PepsiCo and Nature conservancy form strong alliance, plant-based wetsuits, Twitter's transparency drive and the campaign to improve childhood development

PepsiCo and Nature Conservancy promote recycling

Drinks giant PepsiCo and the Nature Conservancy have formed a five-year partnership called Recycle For Nature to encourage consumers to recycle and to boost water conservation in the US.

The Recycle for Nature initiative is looking to boost the nation’s recycling habit by adding recycling locations around the US, starting with fuel stations and convenience stores, and by directly linking the amount recycled to funding for five major drinking water conservation projects in the US.

For every quarter-percentage-point increase in the national recycling rate, PepsiCo will contribute $31,250 in funding for water protection, up to $250,000 a year. The company will also provide up to $50,000 in additional funding based on its recycling points donation programme. The goal is restore one billion gallons of water in rivers that supply drinking water to 35 million people across nine states.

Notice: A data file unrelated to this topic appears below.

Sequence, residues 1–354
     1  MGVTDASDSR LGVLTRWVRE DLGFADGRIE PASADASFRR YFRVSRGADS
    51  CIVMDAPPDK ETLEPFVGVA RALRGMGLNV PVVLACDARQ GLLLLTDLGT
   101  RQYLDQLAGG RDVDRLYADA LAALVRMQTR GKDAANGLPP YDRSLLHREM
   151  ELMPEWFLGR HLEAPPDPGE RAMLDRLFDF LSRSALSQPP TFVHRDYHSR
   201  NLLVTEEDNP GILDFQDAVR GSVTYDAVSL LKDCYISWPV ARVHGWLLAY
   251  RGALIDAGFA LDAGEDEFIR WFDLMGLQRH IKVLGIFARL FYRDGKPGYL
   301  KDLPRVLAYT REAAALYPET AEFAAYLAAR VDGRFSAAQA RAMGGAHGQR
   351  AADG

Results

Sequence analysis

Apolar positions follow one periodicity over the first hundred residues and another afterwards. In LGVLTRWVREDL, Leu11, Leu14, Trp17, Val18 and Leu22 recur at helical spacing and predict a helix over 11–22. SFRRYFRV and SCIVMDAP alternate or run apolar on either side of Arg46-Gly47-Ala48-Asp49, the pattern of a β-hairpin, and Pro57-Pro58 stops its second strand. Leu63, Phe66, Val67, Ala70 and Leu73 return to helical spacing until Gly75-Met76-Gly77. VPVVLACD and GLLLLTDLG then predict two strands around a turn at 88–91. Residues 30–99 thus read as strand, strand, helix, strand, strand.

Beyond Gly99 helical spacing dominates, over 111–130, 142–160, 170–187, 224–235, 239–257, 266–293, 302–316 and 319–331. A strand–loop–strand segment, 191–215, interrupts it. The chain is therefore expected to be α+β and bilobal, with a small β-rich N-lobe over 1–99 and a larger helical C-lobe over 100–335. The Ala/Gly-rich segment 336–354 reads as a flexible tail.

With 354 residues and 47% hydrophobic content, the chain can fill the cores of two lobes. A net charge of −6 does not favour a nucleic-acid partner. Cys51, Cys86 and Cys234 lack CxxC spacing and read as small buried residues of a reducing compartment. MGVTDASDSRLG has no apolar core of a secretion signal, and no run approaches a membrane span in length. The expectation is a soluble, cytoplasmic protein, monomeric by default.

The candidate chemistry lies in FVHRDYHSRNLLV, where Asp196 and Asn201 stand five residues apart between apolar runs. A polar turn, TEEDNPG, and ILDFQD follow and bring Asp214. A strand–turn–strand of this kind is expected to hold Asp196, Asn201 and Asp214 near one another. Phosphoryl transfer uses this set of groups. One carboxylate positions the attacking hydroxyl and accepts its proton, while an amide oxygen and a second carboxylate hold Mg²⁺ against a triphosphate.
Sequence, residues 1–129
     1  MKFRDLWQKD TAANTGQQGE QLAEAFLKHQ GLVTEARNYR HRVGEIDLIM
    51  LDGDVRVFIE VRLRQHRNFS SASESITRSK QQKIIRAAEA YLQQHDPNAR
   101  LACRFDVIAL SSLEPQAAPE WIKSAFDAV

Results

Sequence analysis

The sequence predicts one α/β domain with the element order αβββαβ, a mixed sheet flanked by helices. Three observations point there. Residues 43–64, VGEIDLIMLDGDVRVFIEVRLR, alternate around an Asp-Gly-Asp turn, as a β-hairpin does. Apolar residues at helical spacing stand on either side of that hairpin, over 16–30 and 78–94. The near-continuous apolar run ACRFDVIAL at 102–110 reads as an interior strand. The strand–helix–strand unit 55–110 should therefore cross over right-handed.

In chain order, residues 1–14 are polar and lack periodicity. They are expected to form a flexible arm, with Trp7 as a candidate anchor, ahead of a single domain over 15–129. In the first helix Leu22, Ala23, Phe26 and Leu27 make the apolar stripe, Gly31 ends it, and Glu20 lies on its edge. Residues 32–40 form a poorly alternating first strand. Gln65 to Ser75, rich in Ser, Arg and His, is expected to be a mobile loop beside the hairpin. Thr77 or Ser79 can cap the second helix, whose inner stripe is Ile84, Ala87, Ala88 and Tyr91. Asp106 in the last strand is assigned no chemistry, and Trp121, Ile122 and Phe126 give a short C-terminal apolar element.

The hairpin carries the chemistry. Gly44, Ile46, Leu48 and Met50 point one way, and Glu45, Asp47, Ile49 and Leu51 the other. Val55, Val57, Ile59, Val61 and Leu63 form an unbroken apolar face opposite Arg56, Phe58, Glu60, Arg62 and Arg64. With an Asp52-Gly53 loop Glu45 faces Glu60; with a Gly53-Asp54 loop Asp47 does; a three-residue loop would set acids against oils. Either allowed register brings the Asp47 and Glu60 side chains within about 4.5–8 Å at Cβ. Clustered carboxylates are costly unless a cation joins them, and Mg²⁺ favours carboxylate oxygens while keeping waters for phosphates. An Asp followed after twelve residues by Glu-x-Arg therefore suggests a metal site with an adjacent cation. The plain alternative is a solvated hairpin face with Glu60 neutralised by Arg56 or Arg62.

“The Nature Conservancy is providing innovative solutions to protect our drinking water, and PepsiCo has the ability to engage the public in an activity that can be scaled and applied to communities across the nation,” says Giulio Boccaletti, managing director for global water at the Nature Conservancy. “Together, our efforts are far more significant than what we could have achieved on our own.”

The Recycle For Nature initiative is part of PepsiCo's collaboration with Walmart to increase recycling and investment in the Closed Loop Fund, which provides financing to municipalities and other organisations that support recycling.

Patagonia makes greener wetsuits

Patagonia has introduced the first plant-based alternative to the traditional wetsuit.

Wetsuits are predominantly manufactured using petroleum-based neoprene. With an eye towards improving its carbon footprint, Patagonia sought new sources to produce neoprene, such as limestone. But, though better than fossil fuel, limestone did not generate a substantial net environmental benefit.

Enter Yulex, a biomaterial company, which approached Patagonia in 2008 after reading its blog post lamenting the absence of truly green wetsuits, and proposed a compelling solution: guayule biorubber. The guayule plant is a renewable, non-food crop grown in the US that requires little water, uses no pesticides, and has a relatively clean manufacturing process.